Minsk city guide

Originating from Central Europe myself, I have always considered Belarus to be one of those undeveloped post-soviet countries, still stuck in the reformatory limbo. Imagine my disbelief when I realized they’re years ahead of Poland, and European values are treasured and cultivated in cities like Minsk. My university professor organized a weekend trip to the Belarusian capital and the first thing that struck me was: how do they have so many Fanta flavours?! It was puzzling, how far they were ahead those days while till today Belarus is still a dictatorship. There’s the Independence Square in Minsk with government buildings and a statue of Lenin, tourists are forbidden to take photos there. “Independence Square” my ass. Communist symbolism is everywhere, statues, obelisks, sickle and hammer is a common theme. I admire that they’re preserving their history, contrary to most countries that do all within their power to get rid of any remnants of painful past. Having said that: let me be clear I have no sympathy at all towards totalitarian efforts. The famous KGB building in Minsk is still operational, and an urban legend claims there are some shady deals going down under that roof.

The National Library of Belarus in Minsk at night

The National Library of Belarus designed in a diamond shape

Belarus is a land of contradictions. People often work for less than €1 per hour and struggle to make ends meet. Yet the capital is bursting with boutiques, five-star restaurants, and enormous shopping malls. Some are happy with how their life turned out, some aren’t, but they’re all very welcoming towards tourists. Belarusians are educated and effortlessly communicate in different languages. The first thing that strikes all visitors is how clean and orderly everything is: the streets are spotless, the grass is trimmed and crime is non-existent. Belarusians rebuilt Minsk after the Second World War, and it appears they want to keep it as pristine as possible. Everything is cheap, if you compare it to western countries: food from omnipresent food-trucks rarely costs more than €2 per serving. Locals are open to trying new things. The influx of western cuisine and fast food is something new for Belarusians, who gladly sink their teeth in juicy burgers and hot-dogs.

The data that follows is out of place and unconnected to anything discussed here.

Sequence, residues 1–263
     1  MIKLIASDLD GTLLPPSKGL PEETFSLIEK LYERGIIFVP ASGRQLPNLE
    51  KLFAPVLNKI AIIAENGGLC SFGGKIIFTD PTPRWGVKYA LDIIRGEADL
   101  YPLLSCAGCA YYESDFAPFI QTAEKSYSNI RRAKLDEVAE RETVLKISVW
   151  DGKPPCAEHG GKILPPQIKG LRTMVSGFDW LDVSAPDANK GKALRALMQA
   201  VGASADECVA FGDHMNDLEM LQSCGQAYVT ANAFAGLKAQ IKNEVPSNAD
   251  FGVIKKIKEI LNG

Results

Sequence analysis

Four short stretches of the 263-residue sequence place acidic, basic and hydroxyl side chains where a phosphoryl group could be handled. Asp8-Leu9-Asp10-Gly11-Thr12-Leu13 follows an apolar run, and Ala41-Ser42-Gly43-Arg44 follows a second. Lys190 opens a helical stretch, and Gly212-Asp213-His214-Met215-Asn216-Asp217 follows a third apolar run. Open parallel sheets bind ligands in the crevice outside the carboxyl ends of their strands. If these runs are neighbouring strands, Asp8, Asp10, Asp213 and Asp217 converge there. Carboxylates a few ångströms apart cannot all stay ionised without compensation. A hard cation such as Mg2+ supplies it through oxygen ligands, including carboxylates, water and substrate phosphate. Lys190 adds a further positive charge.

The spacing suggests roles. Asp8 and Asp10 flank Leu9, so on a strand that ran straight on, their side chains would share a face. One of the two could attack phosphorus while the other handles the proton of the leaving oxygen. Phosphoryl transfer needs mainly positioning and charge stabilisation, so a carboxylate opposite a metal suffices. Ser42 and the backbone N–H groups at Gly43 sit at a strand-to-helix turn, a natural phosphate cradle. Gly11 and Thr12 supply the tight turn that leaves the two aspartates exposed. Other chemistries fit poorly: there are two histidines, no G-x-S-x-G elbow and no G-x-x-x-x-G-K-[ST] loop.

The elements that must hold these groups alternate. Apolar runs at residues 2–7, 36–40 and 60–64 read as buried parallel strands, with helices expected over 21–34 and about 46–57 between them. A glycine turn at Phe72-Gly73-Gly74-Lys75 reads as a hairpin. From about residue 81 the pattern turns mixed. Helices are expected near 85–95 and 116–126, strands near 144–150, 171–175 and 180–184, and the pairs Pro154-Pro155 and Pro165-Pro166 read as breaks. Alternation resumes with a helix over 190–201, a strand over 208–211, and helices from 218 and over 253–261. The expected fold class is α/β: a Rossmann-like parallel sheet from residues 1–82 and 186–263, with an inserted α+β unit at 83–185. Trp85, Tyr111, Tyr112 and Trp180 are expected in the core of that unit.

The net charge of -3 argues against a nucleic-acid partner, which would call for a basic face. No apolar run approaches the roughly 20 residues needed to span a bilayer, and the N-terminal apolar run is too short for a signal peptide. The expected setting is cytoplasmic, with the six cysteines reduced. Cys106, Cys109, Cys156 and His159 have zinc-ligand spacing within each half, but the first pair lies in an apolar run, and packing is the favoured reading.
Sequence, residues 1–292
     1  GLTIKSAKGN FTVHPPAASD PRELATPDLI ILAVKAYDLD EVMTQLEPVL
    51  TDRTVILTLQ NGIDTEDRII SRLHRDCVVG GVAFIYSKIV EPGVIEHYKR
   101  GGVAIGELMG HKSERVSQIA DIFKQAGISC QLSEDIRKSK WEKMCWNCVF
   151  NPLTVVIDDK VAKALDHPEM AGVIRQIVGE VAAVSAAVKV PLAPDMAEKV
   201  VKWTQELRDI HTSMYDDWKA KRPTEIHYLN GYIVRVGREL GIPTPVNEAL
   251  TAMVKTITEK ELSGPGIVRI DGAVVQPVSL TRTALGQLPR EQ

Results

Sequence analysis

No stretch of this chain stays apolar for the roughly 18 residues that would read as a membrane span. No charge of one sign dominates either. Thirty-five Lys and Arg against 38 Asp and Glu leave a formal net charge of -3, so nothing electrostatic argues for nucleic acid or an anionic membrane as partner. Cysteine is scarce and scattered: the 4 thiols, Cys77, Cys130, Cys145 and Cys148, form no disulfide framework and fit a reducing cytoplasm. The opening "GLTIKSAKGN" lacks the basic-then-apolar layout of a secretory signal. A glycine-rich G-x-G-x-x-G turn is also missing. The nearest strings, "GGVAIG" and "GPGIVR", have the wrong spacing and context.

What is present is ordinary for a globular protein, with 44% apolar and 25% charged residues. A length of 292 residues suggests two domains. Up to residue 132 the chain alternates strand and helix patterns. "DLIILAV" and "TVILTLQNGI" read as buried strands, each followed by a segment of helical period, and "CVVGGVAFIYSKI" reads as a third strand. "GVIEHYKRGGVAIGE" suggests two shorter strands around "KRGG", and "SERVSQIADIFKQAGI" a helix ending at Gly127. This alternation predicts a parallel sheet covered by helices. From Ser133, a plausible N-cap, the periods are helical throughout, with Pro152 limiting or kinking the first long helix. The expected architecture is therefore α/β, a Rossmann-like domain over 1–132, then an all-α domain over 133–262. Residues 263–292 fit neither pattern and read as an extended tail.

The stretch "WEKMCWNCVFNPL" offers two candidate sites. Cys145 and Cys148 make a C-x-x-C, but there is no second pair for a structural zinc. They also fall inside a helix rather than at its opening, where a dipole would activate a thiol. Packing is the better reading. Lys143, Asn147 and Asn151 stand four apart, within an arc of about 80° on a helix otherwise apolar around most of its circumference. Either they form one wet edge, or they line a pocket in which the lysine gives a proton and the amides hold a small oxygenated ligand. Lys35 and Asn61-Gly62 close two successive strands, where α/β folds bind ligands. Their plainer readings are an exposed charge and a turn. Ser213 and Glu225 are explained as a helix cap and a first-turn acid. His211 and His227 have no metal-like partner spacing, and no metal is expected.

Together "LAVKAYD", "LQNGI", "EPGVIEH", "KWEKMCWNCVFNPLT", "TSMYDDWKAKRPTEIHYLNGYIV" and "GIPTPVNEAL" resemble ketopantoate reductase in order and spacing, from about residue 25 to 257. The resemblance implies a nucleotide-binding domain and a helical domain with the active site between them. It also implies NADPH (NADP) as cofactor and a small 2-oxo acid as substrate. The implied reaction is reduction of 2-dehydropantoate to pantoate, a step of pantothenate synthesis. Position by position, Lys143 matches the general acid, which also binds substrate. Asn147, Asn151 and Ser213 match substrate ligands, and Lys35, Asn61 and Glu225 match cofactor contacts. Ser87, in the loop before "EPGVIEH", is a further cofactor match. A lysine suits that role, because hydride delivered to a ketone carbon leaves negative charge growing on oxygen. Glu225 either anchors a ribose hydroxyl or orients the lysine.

Two-towered Orthodox Holy Spirit Cathedral in Minsk

One of the most recognisable symbols of Minsk: the magnificent Orthodox Holy Spirit Cathedral

Tourists, however, go above and beyond to try traditional specialties passed down by babushkas. Potato pancakes (draniki) are my favourite dish ever; they’re usually eaten with sugar or meat sauce, but take my advice and try them with sour cream. Bliny are another type of pancakes in the region, my uncle used to make those, we used to eat them either with butter or with pork ribs in cumin sauce. All that stuff appears in Russian and Polish cuisine, Belarus is, after all, located between those two countries. Kielbasa, pierogis, delicious soups, cured meats, all the good stuff that the rest of the world is falling in love with.

Try the restaurant Belaruskaya Karchma (Belarusian Inn) in Ozertso, outside of Minsk. There’s an authentic folk museum; a living and breathing village where you witness how people used to live in Belarus hundreds of years ago. Belozhevskaya Pushcha National Park is further to the southwest, home of the European bison and one of the last primordial forests left in the world. They are infamously butchered on the Polish side by a halfwit government.

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